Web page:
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Making a Real Change for rough-sleepers; How a new scheme is helping to wipe out homelessness in Wigan and Leigh. Beth Abbit reports.

Byline: Beth Abbit

X-SERVICEMAN Sean found himself living in a Wigan night shelter after exhausting the generosity of his friends.

EWithout somewhere to wash, change his clothes and get a proper night's sleep, the 31-year-old was struggling to perform properly in his full-time job.

He ended up at the Leigh Homelessness Hub, based in the former Leigh magistrates court building in Chapel Street, after losing his rental tenancy.

The shelter and Wigan Council's housing team applied to Real Change for funding to get Sean the ID he required to apply for private rental accommodation.

They then went to various national organisations for funds to help him pay the deposit and first month's rent for a flat.

Falling short by just PS100, they asked Real Change to cover the remaining money.

Sean is one of dozens of homeless people who have benefited from the new homelessness scheme in Wigan and Leigh.

In its first six months Real Change Wigan and Leigh has helped end or prevent homelessness for 47 people across the borough.

Over a third of beneficiaries were rough sleeping or staying in a night shelter at the point of their application to Real Change.

But just a month later and none of them were sleeping on the streets.

Others have been supported to settle into their new home and break the cycle of homelessness, or to avoid eviction in the first place.

Real Change provides small amounts of money to help people move away from the streets or avoid homelessness.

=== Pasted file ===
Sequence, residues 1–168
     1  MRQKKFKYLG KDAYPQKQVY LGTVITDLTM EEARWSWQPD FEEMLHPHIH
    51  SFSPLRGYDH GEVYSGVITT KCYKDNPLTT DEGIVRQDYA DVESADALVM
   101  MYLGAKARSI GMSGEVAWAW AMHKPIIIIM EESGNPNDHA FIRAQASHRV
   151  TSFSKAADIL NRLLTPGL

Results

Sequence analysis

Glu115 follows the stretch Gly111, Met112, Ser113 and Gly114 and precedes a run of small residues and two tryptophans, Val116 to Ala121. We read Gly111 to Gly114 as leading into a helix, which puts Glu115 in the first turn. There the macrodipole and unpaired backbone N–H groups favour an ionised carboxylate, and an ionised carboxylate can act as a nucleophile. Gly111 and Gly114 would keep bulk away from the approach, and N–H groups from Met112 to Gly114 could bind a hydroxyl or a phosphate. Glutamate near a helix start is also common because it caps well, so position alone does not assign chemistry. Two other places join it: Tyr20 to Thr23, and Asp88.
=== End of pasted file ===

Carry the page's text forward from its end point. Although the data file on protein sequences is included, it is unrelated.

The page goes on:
The cash pays for things like training courses, clothes for a job interview, identification to register with landlords, or even a deposit for a home.

Modern slavery victims Jonny and Sara, not their real names, applied to Real Change just before Christmas while staying at the Leigh Homelessness Hub.

Before that they had been staying at the Bed Every Night shelter at St George's in Wigan.

As modern slavery victims, they were unable to provide ID to pass landlord checks, so campaigners at The Brick helped them scrape together PS15 for a new ID.

The card Jonny needed arrived within days, and he and Sara moved into their new place.

Based on Manchester's hugely successful Big Change scheme, Real Change allows people to apply through any of the partners for specific items.

Those under PS100 can be approved immediately, otherwise an independent panel will review applications within 48 hours.

A similar scheme was launched in Rochdale in January.

Greater Manchester Mayor Andy Burnham said the public play an important role in tackling homelessness. He said: "Big Change and Real Change are excellent ways for the public to directly support funding for homelessness projects.

"I'm impressed by the start that Real Change has made in Wigan and Leigh - it is undoubtedly making a very significant difference on the ground."

Robbie Cowbury, campaign manager for Real Change, said the scheme is making a tangible difference.

He said: "What's so important to remember in cases like Sean's is that by providing a small bit of money we are able to prevent people spiralling further into homelessness and potentially entrenched rough sleeping.

"We are here to help people at all stages of homelessness.

"And we passionately believe that providing support for people earlier on helps to prevent further personal trauma, increasingly poor health and improve people's life chances before they get trapped in a cycle of despair.

"Homelessness is complex, and by providing access to small pots of funding Real Change ensures that a lack of money is never the reason why people stay or become homeless.

? You can donate to Real Change at https://www.justgiving.com/campaign/realchangewiganandleigh
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Publication:Manchester Evening News (Manchester, United Kingdom)
Geographic Code:4EUUK
Date:Apr 21, 2019
Words:607
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